December 1st, 2013

3 D printing was mentioned

Every time I hear about 3 D printing, I hear a lot of FUD and it makes me nuts. I know very little about 3 D printing, because as far as I am concerned, it is one of those hands-on-crafty things that will frustrate me every time I start to get really into it. But you know, if I keep hearing about it, I'll feel better if I have a sense of what's going on out there.

Googliciousness ahead:

GigaOm coverage of IP issues:

The concern appears to be that without standardization of files, the market will not develop (people won't want to buy stuff they aren't sure will work with their printer -- and they won't want to buy a printer unless they can buy files for the printer) BUT with standardization the potential for piracy increases. There are also quality issues, because no one out there is ensuring that the designs actually work. This reduces consumer confidence.

Here's more about how to stop people from using a technology before it has actually gotten going as an industry:

I can't decide whether this is a good faith effort to apply existing law and practice to a new technology, an effort to drum up new business for lawyers (by getting people who make tchotchkes and toys to pay a lawyer money to register it so that they can then pay a lawyer even more money later to sue someone for making a physical copy of it by whatever means, possibly including 3D printing, thus leading to complex trials about whether the copy is a close enough copy and/or whether the copier had any idea the original object existed, etc.), or someone churning out words to justify their (paid) existence.

In a nice example of how copylefting differs from other more official forms of IP, it's apparently legal to copy an item which was patented but the patent has expired -- as long as you don't also copy the trademark on it.

Meanwhile, GE is trying to use 3D printing to take advantage of additive manufacturing's ability to reduce assembly costs (weight of resulting product, labor, etc.).

In turn, they are running up against throughput issues, as they attempt to use an experimental/crafty/prototype oriented technology for production purposes.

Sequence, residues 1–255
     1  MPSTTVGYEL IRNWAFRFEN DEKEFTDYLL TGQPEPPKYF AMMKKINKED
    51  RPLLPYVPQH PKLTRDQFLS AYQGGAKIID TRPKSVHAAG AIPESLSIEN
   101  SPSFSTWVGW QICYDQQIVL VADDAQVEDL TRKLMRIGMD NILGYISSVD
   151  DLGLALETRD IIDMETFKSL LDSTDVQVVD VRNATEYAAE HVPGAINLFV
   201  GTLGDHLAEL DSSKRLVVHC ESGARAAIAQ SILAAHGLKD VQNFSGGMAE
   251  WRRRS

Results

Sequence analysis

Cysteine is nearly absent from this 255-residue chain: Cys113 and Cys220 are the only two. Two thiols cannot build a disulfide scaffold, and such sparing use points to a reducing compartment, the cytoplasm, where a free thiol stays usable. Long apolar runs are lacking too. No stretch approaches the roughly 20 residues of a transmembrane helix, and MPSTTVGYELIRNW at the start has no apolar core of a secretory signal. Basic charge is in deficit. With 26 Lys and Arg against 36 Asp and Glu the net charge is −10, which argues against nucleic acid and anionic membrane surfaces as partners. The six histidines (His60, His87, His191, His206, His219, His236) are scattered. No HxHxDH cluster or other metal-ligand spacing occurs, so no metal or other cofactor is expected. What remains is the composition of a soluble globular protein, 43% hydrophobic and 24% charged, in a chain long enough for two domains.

Can additive processes make organs? Well, prosthetics, for less!

Unclear what/whether there is a market for this. The eyes can't see.

Economist blogger dissing HP for entering 3D printing "late".

An interesting overview of the market and tech so far. Given where it is, and given the kind of company that HP is, entering now and growing their own is the only sensible thing to do. But lots of people misunderstand HP, so hardly surprising that the commentary is what it is.

This is way out on the r&d end of things, interesting for several points. Notably, a state change from solid to liquid to solid trigger by _pressure_ rather than temperature, exploited in the printing process. Pretty cool! Also, this paragraph:

"It may be possible to construct entire devices — battery, electronics, and casing — with 3D printing technology that don’t have to be assembled by man or machine. You just input a design, and the finished product comes out ready to use."

gives a clear indication of the goal of this technology. Manufacturing moved from north to south, and then overseas, to reduce labor costs. Along the way automation becomes a factor, either in delaying or reversing a move (by reducing labor and thus costs associated with labor). If 3D printing as a dream or ideal is achieved, manufacturing could happen anywhere -- but you wouldn't be getting very many "jobs" with it.

So what about 3D printed organs?

Yeah, that'll be Not For A While Yet.

The hope is that they could "print" a cellular scaffold in organ-shape, and then populate the functional components using stem cells. I feel like several breakthroughs are required before this might be possible.

We can make industrial diamonds -- they just aren't very interesting from a jewelry perspective. Similarly, we might be making organ tissues for industrial drug development purposes before we're making organs for transplant. Like, (a) might happen and (b) sort of never actually occur.

It's important to understand that the substrate (?), the "ink" being printed with here is _cellular_. The printing process is a mechanism for creating structure.

FDA blog on the subject of additive manufacturing and regulation:

The focus is, appropriately, on _devices_, rather than drugs. And they are paying attention to the aspect that worries me the most: will an item made "traditionally" (heat and pour type stuff) vs additively behave differently in a way that matters?

"At our Laboratory for Solid Mechanics we’re investigating how different printing techniques and processes affect the strength and durability of the materials used in medical devices. What we’re discovering will be valuable to our reviews of devices down the road; it will help us to develop standards and set parameters for scale, materials, and other critical aspects that contribute to product safety and innovation."